Banks also asked to test resilience against legacy IT failures
The government should work on a programme to improve and test the resilience of banks to cyber attacks, the Bank of England’s Financial Policy Committee has recommended.
The FPC wants to see a “concrete plan in place to deliver a high level of protection against cyber attacks for each institution at the core of the financial system”, according to minutes from a meeting on 18 September.
The Committee said action plans should be in place by the first quarter of 2014, with the help of the Treasury and relevant regulators.
Recent cyber attacks on Barclays and Santander have highlighted the danger facing banks. In both cases a crook posed as an IT worker and attached a keyboard, video and mouse (KVM) remote control device to branch machines.
In the US, banks had their customer-facing systems knocked offline for prolonged periods in 2012 and 2013 by powerful distributed denial of service (DDoS) attacks.
Legacy systems, which are more prone to failure, have also caused problems for major banks, as RBS infamously found out last year.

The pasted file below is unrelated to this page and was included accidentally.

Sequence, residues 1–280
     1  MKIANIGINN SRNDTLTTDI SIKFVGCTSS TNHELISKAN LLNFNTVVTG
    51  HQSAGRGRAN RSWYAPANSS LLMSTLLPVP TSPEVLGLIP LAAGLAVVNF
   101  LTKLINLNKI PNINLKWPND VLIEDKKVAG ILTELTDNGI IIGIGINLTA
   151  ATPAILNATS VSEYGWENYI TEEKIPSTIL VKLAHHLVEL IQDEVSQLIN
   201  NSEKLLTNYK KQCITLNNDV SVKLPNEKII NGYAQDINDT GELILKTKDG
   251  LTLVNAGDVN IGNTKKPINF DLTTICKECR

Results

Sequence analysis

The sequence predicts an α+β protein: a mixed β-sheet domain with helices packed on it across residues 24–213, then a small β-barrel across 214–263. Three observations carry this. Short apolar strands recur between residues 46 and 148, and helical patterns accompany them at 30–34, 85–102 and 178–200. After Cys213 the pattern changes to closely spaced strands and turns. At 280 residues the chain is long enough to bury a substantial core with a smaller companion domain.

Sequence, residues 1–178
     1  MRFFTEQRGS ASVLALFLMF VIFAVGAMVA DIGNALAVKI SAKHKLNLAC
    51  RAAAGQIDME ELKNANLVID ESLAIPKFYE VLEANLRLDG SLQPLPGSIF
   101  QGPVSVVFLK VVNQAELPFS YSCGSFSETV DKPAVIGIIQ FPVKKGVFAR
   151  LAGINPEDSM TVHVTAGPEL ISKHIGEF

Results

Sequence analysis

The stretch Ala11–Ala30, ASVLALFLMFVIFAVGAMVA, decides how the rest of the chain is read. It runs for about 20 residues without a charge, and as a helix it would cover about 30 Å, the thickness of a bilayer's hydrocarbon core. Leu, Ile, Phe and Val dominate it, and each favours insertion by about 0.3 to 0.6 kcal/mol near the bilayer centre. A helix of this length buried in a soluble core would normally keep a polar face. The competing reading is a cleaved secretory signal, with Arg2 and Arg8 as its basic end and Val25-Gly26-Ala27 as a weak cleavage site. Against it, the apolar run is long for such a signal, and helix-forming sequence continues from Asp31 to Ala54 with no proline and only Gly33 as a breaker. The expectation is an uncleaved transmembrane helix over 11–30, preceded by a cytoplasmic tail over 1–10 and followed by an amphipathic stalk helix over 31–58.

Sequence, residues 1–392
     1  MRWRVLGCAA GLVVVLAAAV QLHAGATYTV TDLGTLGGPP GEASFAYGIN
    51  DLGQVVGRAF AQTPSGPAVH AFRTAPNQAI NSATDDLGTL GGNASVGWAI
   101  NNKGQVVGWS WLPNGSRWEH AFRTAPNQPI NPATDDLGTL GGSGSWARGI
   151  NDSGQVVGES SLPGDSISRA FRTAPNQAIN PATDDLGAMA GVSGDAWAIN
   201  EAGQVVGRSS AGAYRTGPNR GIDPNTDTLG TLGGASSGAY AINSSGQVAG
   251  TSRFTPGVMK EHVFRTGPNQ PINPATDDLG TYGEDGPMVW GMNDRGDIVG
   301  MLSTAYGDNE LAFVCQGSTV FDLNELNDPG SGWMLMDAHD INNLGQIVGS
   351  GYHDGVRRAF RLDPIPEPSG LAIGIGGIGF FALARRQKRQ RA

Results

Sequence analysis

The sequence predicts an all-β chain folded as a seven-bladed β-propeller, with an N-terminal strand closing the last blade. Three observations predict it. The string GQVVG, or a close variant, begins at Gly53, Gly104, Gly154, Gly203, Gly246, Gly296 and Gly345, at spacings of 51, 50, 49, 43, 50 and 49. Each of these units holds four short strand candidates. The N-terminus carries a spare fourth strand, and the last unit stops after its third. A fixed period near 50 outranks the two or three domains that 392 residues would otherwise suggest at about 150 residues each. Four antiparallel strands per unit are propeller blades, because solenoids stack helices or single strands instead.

“The threat had many dimensions and was growing,” the FPC report read. “The financial system had a number of potential vulnerabilities, reflecting its high degree of interconnectedness, its reliance on centralised market infrastructure, and its sometimes complex legacy IT systems.”
The Bank of England published a discussion paper on general stress testing of the UK banking system yesterday.
“The new stress tests will bring together expertise from across the Bank, including macroeconomists, financial stability experts and supervisors. This will materially strengthen the Bank’s analytical capability to assess risks to resilience,” said new governor of the Bank of England, Mark Carney.
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